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Let’s talk pay! The freelance chef edition

Let us take you into the world of freelance pay, often a misty foggy world of low transparency where you only know how much to charge based on guessing or asking others and getting vague responses. Well, we wanna blow that wide open for you (as always).

 

Private cheffing or freelance catering can vary from corporate catering to catering in someone else’s house, to event spaces, holiday homes etc. Talking from personal experience, Countertalk’s Ravneet Gill is here to dissect the freelance pay world and tell you how much she has been paid along the way.

 

Take it away Rav:

 

How did you get into freelance work?

 

I met a few chefs at work who mentioned that they had come from working summers abroad for private clients or work on catering jobs. They said the pay was around £15 an hour and I was like WOAH, I need to get in on that.

 

I asked them about agencies that I could sign up to and also did a bit of internet searching for private chef agencies. Signing up with agencies usually means you need to send over a CV or fill out a form about your skill set. Once approved you often get thrown the smaller roles so they can test the water a bit, after some time and you’ve earned their trust and gotten some good feedback you’ll get moved up to the bigger better paid roles.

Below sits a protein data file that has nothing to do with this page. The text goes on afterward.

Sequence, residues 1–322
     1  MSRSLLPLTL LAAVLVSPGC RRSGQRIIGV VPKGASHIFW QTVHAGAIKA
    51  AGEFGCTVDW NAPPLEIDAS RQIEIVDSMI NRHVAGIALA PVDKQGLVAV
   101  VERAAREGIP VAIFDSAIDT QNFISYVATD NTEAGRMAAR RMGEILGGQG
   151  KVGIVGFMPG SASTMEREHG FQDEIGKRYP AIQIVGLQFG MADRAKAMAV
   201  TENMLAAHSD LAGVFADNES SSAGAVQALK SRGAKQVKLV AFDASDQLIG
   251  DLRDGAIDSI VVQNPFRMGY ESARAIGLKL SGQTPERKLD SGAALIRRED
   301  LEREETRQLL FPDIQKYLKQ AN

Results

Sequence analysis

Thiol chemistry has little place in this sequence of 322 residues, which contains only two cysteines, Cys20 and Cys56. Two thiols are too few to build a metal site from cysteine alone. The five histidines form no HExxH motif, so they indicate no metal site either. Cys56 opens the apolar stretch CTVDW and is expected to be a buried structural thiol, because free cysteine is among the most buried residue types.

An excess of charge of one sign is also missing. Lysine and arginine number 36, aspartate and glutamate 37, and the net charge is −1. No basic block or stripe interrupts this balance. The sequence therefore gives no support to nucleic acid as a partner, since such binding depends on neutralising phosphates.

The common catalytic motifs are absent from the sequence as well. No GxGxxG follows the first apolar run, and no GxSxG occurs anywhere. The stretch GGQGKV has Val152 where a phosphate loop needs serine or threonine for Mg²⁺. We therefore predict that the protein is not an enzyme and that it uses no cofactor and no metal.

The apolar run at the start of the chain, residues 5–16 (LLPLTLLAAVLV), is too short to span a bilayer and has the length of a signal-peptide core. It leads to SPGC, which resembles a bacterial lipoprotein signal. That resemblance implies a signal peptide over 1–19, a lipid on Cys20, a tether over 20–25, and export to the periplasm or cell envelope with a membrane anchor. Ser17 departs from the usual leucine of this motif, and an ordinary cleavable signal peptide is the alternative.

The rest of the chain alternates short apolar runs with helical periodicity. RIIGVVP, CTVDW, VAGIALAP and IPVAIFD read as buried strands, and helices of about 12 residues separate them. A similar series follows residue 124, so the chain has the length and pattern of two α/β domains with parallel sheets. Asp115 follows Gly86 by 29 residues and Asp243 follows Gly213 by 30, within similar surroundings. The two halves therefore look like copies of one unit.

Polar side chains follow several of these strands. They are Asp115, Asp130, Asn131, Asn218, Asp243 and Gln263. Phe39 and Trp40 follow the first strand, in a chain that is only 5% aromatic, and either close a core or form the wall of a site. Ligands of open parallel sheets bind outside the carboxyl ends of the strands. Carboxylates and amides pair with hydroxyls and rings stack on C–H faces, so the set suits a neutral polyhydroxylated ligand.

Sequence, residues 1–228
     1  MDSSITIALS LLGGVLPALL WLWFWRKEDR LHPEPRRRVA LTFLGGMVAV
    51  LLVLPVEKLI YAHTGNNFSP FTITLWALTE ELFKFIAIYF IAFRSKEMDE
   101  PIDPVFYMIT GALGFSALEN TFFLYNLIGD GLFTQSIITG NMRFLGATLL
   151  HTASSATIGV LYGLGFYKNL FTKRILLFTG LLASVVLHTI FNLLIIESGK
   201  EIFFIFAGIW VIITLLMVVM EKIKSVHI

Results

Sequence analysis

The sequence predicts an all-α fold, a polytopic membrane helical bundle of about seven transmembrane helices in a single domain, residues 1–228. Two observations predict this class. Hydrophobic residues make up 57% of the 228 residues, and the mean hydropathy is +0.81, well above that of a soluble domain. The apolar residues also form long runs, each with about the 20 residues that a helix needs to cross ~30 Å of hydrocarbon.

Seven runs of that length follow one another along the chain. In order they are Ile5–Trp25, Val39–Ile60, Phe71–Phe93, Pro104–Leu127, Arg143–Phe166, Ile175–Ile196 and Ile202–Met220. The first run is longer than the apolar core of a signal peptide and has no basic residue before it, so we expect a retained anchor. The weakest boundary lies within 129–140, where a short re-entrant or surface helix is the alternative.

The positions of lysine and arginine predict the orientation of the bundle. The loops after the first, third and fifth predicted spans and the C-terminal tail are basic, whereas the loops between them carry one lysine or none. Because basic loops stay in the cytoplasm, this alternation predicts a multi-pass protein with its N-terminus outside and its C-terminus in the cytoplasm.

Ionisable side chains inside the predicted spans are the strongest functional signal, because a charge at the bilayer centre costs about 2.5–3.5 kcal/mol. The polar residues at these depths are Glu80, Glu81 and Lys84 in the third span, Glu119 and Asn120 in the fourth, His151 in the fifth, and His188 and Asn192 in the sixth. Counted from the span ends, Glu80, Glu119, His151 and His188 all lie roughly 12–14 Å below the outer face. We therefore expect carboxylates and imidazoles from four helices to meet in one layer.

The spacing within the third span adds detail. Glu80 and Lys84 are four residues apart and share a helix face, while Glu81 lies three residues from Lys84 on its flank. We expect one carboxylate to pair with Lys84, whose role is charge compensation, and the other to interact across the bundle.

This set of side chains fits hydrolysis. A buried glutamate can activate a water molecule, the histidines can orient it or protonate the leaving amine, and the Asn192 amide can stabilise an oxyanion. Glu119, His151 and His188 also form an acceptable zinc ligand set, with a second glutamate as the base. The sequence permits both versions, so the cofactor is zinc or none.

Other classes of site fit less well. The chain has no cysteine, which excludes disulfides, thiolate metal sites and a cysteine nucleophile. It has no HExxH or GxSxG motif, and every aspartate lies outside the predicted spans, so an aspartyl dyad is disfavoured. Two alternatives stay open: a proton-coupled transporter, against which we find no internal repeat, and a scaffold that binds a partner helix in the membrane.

I also met a lot of people through this sort of work, either fellow chefs or owners that I got along with who would then call me for other bits. Clients that liked my work would also ask for me again via the agency. Or I would then acquire private clients on my own for bigger jobs.

 

Separate from this I also put the word out amongst friends, saying that I had time to accept occasion cake orders or cater small parties and word of mouth really helped.
What I want to reiterate is that this is not a snap-your-fingers quick-easy money game. It takes a different level of organisation and skill to work as a freelance chef/caterer, a lot of self motivation, drive and energy. I’m not saying this to put you off, i’m saying this to be realistic.

 

Some case studies of the freelance work you’ve done and how much you charged (3 case studies)

 

  • Corporate catering via an agency
    Info: These were the first types of jobs that I took through agencies, I had been working in kitchens for 5 years.
    Pay: £12.50 p/h (at the very start of when I took on these jobs, had worked in the industry for 4 years)
    Hours: 8 hours